At the end of Mark Gatiss’ excellent three-part A History of Horror series, which ends, appropriately, with a review of the power and impact of John Carpenter’s first Hallowe’en film, released in 1978, Mark explains his decision to stop the series in the late seventies.
He says that whilst he feels there have been ‘standout single films’, too much modern horror seems like ‘more of the same fare, spiced up with pointless torture’. Mark ends by saying that he thinks this is partly due to growing older: as you do you ‘fear your own mortality’ and your tastes shift as a result, in the case of horror ‘towards ghosts and spookiness and away from blood and gore’.
Like Mark, I’m also a fan of horror films, and these comments caused me to reflect on why certain films in the genre feel groundbreaking despite of, or in some cases even because of, the extremity of the images they show, and why others seem gratuitous and almost entirely unnecessary. I was also reminded of Quentin Tarantino’s comments made in London at the start of this year: he said that ‘[violence in films] affects audiences in a big way. You know you’re watching a movie.’
There’s obviously a difference between horror films and films containing horrific things (and most of Tarantino’s films fall into the latter category), but for what it’s worth I think there are three key ingredients which mark out a brilliant horror film with violent imagery from a shoddy one.
First and foremost: realism. I can’t be the only person who’s had the pleasure of watching Peter Jackson’s 1992 film Braindead (yes, Peter Jackson the over-sized hobbit), which has levels of blood, guts and general goo that, if they were in any way realistic, would’ve prevented the film from ever being released. But as it is, Braindead is so over-the-top, silly and, crucially, funny, that not for a minute do you ever entertain the possibility that what you’re seeing is real. Also in this category: later George A. Romero zombie films, the Evil Dead series, and plenty more besides.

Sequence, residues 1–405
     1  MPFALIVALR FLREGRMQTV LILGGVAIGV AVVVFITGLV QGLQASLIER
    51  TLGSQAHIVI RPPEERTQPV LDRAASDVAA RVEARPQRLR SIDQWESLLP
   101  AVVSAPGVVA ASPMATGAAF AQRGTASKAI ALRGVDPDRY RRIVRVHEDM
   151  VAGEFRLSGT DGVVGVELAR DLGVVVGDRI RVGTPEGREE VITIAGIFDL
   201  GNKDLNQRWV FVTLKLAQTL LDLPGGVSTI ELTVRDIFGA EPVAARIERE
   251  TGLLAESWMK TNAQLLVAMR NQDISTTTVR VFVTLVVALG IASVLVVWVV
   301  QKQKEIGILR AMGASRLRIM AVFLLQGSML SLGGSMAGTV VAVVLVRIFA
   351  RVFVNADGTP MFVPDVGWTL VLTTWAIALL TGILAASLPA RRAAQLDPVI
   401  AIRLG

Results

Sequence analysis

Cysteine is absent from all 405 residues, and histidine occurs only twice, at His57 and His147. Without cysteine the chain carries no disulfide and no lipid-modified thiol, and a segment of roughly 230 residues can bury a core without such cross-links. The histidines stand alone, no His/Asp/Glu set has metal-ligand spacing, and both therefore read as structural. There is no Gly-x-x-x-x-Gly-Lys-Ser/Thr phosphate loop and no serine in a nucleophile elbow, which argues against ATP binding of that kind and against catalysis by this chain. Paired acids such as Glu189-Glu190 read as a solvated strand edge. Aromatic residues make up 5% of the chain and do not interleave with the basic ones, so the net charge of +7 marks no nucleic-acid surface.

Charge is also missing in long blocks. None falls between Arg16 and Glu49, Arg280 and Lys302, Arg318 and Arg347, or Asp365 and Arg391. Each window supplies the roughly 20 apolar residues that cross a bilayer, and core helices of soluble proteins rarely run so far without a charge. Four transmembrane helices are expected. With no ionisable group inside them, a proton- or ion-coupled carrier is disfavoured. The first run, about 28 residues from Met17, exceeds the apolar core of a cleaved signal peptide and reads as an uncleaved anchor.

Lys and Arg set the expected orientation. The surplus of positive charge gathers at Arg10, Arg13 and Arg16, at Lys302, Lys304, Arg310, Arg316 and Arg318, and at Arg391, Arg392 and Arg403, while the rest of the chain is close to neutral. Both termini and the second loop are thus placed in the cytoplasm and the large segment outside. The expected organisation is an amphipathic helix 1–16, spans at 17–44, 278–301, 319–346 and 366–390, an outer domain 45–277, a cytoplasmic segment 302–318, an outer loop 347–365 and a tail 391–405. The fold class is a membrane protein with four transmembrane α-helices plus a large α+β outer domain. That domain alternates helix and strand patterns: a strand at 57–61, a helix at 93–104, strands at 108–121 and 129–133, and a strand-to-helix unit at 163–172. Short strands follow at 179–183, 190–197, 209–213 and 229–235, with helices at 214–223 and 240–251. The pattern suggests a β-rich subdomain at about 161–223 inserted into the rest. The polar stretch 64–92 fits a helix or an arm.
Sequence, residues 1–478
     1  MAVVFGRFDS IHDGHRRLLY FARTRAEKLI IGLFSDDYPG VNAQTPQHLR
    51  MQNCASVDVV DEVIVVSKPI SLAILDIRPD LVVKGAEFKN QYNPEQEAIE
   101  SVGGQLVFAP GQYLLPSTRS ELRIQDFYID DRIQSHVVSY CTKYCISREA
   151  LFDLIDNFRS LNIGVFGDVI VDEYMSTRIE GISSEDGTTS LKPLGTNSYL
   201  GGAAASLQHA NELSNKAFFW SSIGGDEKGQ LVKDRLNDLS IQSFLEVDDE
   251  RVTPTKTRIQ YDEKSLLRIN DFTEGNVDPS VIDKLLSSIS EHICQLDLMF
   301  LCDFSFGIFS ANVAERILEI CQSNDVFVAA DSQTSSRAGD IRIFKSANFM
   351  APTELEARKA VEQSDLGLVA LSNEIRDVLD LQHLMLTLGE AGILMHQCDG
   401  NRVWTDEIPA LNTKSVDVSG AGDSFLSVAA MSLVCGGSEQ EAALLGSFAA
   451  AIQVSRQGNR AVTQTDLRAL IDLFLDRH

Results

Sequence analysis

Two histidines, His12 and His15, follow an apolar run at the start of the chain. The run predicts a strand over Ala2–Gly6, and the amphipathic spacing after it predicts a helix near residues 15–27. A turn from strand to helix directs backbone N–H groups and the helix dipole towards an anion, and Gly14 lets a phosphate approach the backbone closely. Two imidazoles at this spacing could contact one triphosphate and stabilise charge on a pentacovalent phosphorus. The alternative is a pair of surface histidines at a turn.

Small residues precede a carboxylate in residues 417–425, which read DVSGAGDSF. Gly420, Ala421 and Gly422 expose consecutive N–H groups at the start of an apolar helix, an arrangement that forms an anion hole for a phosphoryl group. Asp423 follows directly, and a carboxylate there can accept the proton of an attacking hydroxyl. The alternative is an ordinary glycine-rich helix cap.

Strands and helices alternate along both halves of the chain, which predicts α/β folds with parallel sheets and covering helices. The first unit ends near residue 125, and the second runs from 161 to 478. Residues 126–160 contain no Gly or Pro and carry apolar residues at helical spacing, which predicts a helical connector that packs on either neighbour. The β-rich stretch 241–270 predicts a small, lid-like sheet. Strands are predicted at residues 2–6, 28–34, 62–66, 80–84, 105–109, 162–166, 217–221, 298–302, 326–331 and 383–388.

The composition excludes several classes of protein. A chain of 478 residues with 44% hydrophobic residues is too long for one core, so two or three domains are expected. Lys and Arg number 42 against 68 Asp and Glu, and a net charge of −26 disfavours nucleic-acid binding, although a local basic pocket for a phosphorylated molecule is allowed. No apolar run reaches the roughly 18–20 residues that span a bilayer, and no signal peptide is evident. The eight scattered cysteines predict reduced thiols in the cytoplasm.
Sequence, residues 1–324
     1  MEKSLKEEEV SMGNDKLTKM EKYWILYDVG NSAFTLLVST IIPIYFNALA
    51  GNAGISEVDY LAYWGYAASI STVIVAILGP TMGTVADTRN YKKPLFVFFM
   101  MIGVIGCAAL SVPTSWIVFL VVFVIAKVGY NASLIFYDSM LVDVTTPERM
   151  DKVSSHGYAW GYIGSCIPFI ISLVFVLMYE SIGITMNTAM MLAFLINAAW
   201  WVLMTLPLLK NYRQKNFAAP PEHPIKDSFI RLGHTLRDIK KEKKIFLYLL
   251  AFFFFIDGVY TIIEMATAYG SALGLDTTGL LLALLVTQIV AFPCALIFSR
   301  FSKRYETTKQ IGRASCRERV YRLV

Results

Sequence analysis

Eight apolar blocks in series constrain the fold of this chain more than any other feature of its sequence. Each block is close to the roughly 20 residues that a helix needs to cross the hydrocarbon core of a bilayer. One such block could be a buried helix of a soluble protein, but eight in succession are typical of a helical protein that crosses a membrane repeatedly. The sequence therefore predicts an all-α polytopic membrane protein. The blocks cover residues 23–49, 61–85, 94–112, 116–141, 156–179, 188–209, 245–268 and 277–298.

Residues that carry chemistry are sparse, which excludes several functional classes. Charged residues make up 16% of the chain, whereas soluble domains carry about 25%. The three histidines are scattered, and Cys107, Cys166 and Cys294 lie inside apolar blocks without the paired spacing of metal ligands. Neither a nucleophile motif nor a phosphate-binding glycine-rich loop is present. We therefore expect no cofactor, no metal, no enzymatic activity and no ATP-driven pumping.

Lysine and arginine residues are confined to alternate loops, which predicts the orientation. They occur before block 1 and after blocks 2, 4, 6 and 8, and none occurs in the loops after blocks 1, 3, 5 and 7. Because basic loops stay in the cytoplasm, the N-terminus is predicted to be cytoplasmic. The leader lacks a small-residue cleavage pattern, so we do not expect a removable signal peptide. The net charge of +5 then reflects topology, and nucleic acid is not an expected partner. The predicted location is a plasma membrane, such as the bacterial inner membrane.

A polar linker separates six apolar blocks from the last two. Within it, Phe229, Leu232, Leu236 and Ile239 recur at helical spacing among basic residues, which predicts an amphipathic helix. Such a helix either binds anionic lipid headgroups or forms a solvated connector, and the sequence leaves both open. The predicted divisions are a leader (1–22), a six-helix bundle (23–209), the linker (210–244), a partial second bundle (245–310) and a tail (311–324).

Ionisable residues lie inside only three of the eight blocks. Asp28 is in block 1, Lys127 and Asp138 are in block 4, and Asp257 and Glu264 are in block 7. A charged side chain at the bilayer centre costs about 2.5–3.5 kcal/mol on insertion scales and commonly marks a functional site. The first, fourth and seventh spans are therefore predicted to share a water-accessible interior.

But of course realism does have a place in horror, so what does a realistic, violent, but really good horror film look like? This is where key ingredient number two comes in: impact. By the time we’ve got to the third in the Saw series (or, in fact, halfway through the first film) the increasingly horrible images are having no impact at all on our deadened brains.
Impact is usually a factor of the originality of the image, its unexpectedness, and the way suspense has been built (or not). So when, in one of Gatiss’ favourites the Texas Chainsaw Massacre, the first teenager is offed upon entering the house where the serial-killing redneck family live, the sequence is brilliantly effective because of the way suspense has been amped up and because of the gruesome originality of the style of the attack and, actually, for its brevity: it’s all over before you know it and you’re left wondering what exactly you’ve seen.
You can, however, have realism and real impact without having a good horror film: they can still be horrid rather than horrific. I think it’s when genuine nastiness enters a film – misogyny, explicit torture, sexual violence – and when there’s either a focus on that over everything else or no actual point to it beyond displaying the act itself (because we can!) that a horror film falls down.
There are, few and far between, exceptions that prove the rule: the scene of torture in Eden Lake is one of the examples of genuine nastiness which serves a purpose; in this case parodying the Daily Mail style demonisation of the nation’s youth.
At its best, to come back to the Tarantino quote, really good horror can – sometimes literally – jolt you out of the everyday and make you feel more alive. It’s when you find yourself wondering ‘what’s the point?’ that you know something’s gone horribly wrong.
Am I missing something crucial? Have I got it completely wrong? Let me know on Twitter @philblogs.